Despite the need for molecularly smooth self-assembled monolayers (SAMs) on silicon dioxide surfaces (the most common dielectric surface), current techniques are limited to non-ideal silane grafting. Here, we show unique bio-inspired zwitterionic molecules forming a molecularly smooth and uniformly thin SAM in “water” in <1 min on various dielectric surfaces, which enables a dip-coating process that is essential for organic electronics to become reality. This monomolecular layer leads to high mobility of organic field-effect transistors (OFETs) based on various organic semiconductors and source/drain electrodes. A combination of experimental and computational techniques confirms strong adsorption (Wad>20 mJ m-2), uniform thickness (~0.5 or ~1 nm) and orientation (all catechol head groups facing the oxide surface) of the “monomolecular” layers. This robust (strong adsorption), rapid, and green SAM represents a promising advancement towards the next generation of nanofabrication compared to the current non-uniform and inconsistent polysiloxane-based SAM involving toxic chemicals, long processing time (>10 h), and/or heat (>80°C).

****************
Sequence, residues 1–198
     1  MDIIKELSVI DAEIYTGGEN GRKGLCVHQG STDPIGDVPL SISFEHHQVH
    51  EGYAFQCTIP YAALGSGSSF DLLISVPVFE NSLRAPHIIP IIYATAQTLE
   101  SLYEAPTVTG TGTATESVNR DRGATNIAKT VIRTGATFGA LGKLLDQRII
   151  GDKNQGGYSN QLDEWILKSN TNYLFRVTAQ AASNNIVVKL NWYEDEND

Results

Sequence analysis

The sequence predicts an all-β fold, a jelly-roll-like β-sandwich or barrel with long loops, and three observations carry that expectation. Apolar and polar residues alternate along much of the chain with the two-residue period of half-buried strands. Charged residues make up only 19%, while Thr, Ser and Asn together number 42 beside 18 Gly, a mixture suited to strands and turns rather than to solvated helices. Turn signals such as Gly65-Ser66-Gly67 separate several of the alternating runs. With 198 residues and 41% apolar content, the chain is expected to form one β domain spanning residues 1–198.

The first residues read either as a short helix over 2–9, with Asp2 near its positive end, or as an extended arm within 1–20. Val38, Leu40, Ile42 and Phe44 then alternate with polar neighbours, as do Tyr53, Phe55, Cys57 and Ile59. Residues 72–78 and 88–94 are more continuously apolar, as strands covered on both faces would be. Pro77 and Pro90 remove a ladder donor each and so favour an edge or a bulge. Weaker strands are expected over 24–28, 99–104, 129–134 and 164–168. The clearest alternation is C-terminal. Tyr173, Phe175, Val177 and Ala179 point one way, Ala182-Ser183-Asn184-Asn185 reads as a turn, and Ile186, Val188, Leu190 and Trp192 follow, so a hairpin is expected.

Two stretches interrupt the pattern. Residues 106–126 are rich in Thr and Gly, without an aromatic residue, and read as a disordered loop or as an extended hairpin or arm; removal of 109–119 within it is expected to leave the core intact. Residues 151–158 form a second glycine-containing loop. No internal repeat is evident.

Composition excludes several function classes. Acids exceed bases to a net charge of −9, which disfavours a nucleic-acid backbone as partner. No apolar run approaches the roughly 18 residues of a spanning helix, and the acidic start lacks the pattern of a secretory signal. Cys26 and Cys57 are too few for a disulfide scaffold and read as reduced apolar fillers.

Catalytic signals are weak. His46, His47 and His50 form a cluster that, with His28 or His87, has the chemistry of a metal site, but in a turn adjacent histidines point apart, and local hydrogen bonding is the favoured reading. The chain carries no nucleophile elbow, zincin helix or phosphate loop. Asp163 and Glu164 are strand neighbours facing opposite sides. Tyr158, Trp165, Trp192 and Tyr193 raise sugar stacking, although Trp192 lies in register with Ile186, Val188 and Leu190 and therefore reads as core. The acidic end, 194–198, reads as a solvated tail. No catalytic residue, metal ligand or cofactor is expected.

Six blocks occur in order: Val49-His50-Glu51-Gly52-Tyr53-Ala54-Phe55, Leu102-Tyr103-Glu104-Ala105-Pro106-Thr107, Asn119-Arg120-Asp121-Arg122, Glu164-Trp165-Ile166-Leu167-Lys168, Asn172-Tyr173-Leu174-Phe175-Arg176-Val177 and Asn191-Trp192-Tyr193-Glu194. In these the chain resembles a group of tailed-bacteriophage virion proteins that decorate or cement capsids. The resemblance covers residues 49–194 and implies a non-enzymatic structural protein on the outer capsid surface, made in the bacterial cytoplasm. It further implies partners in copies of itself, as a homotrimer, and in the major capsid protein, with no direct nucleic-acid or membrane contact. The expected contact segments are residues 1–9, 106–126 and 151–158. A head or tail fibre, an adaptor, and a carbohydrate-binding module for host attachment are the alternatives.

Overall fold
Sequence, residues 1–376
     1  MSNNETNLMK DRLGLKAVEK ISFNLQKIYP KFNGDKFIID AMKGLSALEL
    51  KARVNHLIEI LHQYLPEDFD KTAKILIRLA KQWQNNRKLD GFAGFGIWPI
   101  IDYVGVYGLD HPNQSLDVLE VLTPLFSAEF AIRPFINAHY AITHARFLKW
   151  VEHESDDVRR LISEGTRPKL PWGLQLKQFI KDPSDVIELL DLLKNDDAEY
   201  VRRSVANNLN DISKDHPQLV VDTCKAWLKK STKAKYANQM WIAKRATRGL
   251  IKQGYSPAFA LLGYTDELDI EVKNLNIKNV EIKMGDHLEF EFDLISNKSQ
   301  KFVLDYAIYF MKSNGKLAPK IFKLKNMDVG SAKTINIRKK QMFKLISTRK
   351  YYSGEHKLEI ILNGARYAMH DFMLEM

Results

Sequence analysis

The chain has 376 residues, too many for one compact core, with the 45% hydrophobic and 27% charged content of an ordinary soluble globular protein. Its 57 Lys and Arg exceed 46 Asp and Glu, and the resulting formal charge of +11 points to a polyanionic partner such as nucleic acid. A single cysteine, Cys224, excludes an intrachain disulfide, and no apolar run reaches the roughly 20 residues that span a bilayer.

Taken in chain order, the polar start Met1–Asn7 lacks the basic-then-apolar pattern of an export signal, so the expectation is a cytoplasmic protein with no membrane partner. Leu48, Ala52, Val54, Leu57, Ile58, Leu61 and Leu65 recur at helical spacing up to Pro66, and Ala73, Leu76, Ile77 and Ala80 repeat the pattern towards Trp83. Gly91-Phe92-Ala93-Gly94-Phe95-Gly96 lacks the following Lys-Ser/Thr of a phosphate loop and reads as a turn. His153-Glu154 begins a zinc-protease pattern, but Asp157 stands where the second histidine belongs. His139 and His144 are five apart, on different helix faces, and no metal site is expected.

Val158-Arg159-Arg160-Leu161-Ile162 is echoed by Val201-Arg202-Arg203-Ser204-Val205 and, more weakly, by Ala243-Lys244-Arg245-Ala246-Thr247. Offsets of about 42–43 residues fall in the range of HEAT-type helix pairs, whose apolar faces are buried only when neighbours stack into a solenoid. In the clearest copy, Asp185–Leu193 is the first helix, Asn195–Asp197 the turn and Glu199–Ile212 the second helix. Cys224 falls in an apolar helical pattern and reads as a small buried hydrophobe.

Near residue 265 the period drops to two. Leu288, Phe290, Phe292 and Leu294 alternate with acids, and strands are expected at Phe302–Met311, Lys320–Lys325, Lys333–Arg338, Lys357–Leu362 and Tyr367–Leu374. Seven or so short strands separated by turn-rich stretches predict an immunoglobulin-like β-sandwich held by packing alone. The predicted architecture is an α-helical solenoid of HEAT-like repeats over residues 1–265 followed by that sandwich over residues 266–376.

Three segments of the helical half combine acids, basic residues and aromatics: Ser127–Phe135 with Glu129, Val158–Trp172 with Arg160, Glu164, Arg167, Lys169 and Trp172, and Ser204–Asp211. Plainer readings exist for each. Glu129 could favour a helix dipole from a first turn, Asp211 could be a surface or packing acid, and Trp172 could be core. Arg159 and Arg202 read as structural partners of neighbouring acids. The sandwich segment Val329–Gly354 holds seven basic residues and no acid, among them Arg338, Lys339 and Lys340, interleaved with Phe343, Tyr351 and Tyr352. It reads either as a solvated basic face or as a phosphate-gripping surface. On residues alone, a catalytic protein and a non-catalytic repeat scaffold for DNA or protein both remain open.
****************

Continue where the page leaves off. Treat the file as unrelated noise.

Concepts: Oxygen, Silicon, Transistor, Germanium, Self-assembled monolayer, Thin films, Monolayer, Organic semiconductor


The conversion of a biphenylthiol self-assembled monolayer (BPT SAM) on copper into graphene via electron irradiation and annealing is described by Andrey Turchanin and co-workers on page 4146. This 2D solid-state reaction can be tuned by temperature, allowing the crystallinity of the graphene layers to be adjusted. It is feasible to create graphene structures of any 3D shape as molecular self-assembly can be conducted on nonplanar suraces. Scanning tunneling microscopy of the PT SAM on Cu(111) is described.

Concepts: Electron, Nanotechnology, Self-organization, Microscopy, Scanning tunneling microscope, Scanning probe microscopy, Self-assembled monolayer, Thin films